Krish’s idea of a website that lets people contribute their experiences and vote sounds very useful. But then again, we know voting doesnt always work (indian idol – anyone?)

  19. Very well written story. Shocking things keep happening to Indians, we simply dont care. The doctors are the worst of the lot, older genrations have revered them like gods but these days they care about the money. I say make the money but dont forget the humanity. Im posting this article to rambhai All indians need to know about these things.

  20. This is really scary Doc…. I ve heard of docs leaving their surgical tools in patient’s stomach… no idea if my doctor is a cad!!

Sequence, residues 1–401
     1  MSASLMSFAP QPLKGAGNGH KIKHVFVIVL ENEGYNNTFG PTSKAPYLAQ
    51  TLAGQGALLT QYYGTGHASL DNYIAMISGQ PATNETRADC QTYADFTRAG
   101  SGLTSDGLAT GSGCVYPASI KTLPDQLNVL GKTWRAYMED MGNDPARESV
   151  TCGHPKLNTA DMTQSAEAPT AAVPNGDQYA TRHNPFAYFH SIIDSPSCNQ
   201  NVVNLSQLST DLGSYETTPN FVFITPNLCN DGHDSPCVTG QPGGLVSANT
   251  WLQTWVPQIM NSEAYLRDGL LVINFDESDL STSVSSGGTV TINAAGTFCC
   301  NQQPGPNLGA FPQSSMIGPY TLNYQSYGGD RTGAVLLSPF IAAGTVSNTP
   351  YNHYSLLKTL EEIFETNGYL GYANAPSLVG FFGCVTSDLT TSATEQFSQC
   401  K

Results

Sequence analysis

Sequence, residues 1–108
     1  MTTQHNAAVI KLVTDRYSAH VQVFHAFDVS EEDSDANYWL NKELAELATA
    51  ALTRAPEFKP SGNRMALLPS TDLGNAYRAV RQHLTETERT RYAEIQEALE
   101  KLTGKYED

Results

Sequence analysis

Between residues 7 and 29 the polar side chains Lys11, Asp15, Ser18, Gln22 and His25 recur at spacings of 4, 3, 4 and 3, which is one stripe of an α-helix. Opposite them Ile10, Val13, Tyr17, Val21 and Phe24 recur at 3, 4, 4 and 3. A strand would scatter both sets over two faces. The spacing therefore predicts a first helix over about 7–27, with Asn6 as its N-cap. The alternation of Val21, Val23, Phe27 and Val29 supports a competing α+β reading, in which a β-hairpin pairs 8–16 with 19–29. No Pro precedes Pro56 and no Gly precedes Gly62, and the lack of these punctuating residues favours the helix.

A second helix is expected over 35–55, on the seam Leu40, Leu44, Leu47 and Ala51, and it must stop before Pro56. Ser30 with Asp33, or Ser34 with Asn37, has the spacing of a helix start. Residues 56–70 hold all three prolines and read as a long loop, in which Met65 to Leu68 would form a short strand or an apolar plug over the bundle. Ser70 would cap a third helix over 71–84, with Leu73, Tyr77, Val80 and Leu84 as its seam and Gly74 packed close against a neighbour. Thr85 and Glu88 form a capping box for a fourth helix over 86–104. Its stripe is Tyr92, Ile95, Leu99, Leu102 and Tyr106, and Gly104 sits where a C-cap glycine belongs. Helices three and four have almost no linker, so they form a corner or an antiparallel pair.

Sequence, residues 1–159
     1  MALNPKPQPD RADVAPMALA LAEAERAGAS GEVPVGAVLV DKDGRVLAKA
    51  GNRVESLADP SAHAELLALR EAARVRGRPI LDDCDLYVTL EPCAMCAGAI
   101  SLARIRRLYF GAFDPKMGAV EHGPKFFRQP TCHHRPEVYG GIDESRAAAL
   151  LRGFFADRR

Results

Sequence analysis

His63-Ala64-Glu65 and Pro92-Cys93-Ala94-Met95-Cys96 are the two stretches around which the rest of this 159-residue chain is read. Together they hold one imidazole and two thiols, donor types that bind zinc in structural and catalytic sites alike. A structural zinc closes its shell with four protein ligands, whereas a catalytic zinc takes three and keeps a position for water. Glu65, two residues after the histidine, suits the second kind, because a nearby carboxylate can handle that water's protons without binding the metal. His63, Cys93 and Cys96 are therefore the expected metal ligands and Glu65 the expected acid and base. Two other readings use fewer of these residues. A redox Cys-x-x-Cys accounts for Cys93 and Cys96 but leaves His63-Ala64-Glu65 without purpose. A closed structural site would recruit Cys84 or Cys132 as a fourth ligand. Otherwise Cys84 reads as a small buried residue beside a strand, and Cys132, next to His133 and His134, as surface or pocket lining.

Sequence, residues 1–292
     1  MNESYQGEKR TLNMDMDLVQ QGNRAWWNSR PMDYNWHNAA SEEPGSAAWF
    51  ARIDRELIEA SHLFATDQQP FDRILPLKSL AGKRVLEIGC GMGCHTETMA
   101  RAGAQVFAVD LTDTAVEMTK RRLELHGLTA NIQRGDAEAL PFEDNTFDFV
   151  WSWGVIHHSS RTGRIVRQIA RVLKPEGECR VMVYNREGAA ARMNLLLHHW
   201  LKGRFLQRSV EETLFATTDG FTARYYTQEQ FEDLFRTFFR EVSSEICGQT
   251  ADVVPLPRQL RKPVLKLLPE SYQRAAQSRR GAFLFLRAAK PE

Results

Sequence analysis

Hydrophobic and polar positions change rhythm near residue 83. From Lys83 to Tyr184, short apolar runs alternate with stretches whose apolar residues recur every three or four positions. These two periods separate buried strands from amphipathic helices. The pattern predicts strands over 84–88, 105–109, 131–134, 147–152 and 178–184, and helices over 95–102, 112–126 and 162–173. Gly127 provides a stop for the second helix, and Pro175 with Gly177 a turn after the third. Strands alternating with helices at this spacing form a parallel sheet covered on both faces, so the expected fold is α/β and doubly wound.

21. Being a student of medicine, I recognize some of these types myself. It is so scary, but so true.
    A surgeon on the faculty in our college pushes patients to get a laparoscopic surgery even when an open surgery suffices, simply because Lap surgeries make him richer. And the man isn’t ashamed to admit it in front of his own students.
    Wonder where we students have to go should we choose to practise ethically.

    Nice post.

  22. Wow! I was reading this post in my RSS feed, and at first I thought you were kidding! :o(

    That was truly a horrifying read …